Monday, June 9, 2014
Was the Popularity of Harry Potter Just a Passing Fad?
Okay, so I had to come up with some attention getting title. So why not use the Harry Potter phenomena? I've never read any of J.K. Rowling's books and I'm in no big hurry read them, so I guess I can't make any sound judgment as to how good they are. Perhaps you've read some or all of the Potter series and are an avid fan. Or maybe you hated them.
Let's go back a ways and think about William Shakespeare. Is his work great from more of a scholarly or historical perspective? Is he a sentimental favorite just because? Or do you often read his plays and poetry? Did he even write all or any of them?
I rather enjoyed some of the more recent filmed versions of Shakespeare such as Romeo + Juliet, Coriolanus, and Titus. I've read one of those plays but not two of the others. But I have read a number of Shakespeare's plays and while I can say there was much I appreciated about the writing and the stories are good, I can't say that I derive great pleasure out of reading those plays.
Same goes for Chaucer's Canterbury Tales. I understand there is the significance in regard to literary history, but it is seriously doubtful that something written today in that style would get more than a handful of readers and I doubt whether any of those would say that they liked what they read if they actually read it.
The complexity of style and lack of lucidity in the writing is undoubtedly a deterrent in the ability for many to enjoy deeper works. However, no intellectual investment on behalf of the reader may make much escapist literature highly forgetful. If a book or story is merely enjoyable entertainment that does not make us dwell on any significant message, is the work of any value besides a temporary escape?
Why do we like to read what we read and why do we think certain written works are "good"?
Part of this undoubtedly begins in childhood. If we grow up in a storytelling culture, have an environment that includes the written word, and are encouraged to read, then I think there is a likelihood that we will enjoy reading and pursue reading as we grow older. What we read is to a great extent determined by what we have been exposed to in the home and in our educational setting. The influence of our peers can have a great deal to do with the reading that we choose.
This is an oversimplification of course and I am probably stating the obvious, but I think that this mostly holds true. If we read regularly then we become better readers. If we challenge ourselves with deeper reading materials with more complex writing, more diverse vocabulary, and more profound ideas then our reading will probably inclinate in search of more materials of a similar nature--that is if we enjoy reading those books.
Many of us probably avoid reading what we don't enjoy unless we're doing it for school or some lofty personal reason. I've found that many books that I've found to be difficult to struggle through were rewarding in the end and after having studied about the book to where I understood more about the writer and the times in which the book was written I often appreciated the book all the more. Other books were so tedious to me that I never made it through them.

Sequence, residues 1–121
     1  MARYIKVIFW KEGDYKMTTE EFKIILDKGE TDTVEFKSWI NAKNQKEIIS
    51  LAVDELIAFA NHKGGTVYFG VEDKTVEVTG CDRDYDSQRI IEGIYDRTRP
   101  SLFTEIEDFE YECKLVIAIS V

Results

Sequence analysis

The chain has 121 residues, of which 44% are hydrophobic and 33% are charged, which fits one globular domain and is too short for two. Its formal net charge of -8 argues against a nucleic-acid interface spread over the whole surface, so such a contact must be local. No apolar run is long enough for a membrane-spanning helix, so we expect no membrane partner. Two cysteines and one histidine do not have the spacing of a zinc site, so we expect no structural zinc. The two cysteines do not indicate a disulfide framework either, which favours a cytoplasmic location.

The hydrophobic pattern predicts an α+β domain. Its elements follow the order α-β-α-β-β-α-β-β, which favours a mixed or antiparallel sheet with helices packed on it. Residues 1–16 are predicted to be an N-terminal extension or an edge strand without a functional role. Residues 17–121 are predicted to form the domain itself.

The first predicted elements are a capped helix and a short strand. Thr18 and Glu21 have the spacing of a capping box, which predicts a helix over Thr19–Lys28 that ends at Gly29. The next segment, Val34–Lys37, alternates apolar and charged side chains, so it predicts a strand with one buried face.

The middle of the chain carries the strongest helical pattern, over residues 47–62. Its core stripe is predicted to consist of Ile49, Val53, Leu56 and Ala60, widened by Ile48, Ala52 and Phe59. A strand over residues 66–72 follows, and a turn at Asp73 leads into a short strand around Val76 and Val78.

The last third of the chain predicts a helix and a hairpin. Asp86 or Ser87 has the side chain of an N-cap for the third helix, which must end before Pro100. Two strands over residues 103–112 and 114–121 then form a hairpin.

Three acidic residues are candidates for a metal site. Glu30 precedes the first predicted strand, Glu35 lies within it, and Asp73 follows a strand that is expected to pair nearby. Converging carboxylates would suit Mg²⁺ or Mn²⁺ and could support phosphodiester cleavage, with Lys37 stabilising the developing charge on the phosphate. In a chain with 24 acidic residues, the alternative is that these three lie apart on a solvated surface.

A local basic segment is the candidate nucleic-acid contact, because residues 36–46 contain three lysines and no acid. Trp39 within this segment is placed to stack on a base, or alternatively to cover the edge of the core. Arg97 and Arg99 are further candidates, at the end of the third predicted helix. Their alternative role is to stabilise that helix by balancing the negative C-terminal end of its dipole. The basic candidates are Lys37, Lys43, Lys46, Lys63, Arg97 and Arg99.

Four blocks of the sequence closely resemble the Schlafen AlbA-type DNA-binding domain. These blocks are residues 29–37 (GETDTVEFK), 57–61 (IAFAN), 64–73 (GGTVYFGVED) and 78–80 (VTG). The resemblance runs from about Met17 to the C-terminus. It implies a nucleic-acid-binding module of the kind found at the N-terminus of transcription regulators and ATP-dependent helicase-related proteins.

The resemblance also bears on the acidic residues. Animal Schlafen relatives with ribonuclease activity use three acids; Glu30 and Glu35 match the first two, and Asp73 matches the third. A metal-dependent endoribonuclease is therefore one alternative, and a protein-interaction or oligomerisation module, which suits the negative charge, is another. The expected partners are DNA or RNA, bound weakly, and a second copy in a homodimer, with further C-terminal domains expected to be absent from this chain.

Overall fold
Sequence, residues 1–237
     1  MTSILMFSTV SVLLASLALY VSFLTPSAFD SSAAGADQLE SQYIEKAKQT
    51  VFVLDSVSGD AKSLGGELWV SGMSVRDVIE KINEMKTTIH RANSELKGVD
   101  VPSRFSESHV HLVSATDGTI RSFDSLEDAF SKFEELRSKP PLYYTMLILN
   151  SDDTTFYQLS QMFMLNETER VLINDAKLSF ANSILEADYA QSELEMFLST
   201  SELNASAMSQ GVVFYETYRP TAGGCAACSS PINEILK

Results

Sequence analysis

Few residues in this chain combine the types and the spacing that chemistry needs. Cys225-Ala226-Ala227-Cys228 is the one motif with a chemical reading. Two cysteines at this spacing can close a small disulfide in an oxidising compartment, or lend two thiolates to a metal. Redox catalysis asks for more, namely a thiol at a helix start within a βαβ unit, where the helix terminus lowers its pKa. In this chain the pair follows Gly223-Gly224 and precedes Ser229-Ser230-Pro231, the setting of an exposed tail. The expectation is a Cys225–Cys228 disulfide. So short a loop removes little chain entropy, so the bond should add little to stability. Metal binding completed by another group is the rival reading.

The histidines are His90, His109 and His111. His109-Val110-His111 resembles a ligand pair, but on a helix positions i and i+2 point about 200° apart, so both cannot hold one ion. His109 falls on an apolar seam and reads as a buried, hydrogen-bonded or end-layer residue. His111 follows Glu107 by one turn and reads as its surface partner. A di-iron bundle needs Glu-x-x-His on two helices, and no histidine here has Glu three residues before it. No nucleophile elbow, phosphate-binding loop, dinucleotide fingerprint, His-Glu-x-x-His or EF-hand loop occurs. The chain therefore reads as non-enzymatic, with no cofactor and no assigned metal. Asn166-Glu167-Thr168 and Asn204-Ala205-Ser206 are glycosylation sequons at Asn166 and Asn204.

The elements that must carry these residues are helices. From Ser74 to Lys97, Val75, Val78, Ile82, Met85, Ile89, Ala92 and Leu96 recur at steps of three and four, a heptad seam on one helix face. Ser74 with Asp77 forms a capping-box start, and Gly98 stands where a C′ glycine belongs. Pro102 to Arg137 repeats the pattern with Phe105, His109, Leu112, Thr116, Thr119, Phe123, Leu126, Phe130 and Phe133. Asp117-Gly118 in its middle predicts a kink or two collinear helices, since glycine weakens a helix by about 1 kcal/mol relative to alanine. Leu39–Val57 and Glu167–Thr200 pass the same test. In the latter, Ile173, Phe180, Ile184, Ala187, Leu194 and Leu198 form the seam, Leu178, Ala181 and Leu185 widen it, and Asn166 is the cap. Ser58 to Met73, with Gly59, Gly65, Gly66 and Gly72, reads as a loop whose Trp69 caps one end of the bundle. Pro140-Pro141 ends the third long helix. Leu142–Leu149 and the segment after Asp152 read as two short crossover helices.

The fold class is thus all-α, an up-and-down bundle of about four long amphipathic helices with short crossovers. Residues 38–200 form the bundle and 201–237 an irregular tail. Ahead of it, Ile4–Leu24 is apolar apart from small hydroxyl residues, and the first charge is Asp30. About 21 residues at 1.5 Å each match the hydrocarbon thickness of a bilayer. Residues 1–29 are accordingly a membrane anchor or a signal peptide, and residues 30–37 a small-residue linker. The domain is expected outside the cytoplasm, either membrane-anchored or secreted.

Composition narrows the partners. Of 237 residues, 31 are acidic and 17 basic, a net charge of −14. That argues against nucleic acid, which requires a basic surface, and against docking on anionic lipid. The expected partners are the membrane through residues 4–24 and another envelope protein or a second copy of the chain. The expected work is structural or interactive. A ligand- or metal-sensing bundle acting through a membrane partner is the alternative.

Another important aspect of reading preference relates to whether a book is relevant to one's thinking, worldview, and ideologies. Flannery O'Connor is one of my favorite writers not only because she writes with eloquent simplicity, but because she delves into the subject matter of spirituality, grace, redemption, and the corruption of the human soul. She writes what I want to read about in a style that entertains me.
On the other hand I think about Herman Melville's Billy Budd, written in a more complex nineteenth century style and yet telling such a compelling story that it has stuck with me even though I read it only once and that was forty years ago.
Then there is one of my favorite short stories Descending by science fiction author Thomas Disch. I read this when I was in high school and it immediately became a favorite then and remains so now. The story of a guy trapped on a department store escalator that is eternally descending is a story too philosophically delicious for me to ever give up on. This is my kind of story.
Coming to any absolute conclusion in one blog post is not something that I am going to achieve. Not in this blog post at least. There is still so much for me to ponder on the subject. Can I say I like to read books that are relatively easy to read? I do, but then again I've read some books that are considered difficult that I liked very much. I avoid romance books so I haven't read many, but I enjoyed Pride and Prejudice a great deal.
But I still probably will never read any Harry Potter books because it just doesn't sound like a concept that would interest me. Sure, you might call me stubborn, but that might be another aspect of why we have preferences--sometimes we're just so hardheaded about something that we resist liking it and we never give it a chance.
What are the main reasons for your not liking certain kinds of literature? Do you challenge yourself to read literature that you have perceived to be difficult? Do you like the Harry Potter books? Have you read any of the Harry Potter books? Do you think the Harry Potter series will have lasting literary value?
Posted by Arlee Bird at 2:00 AM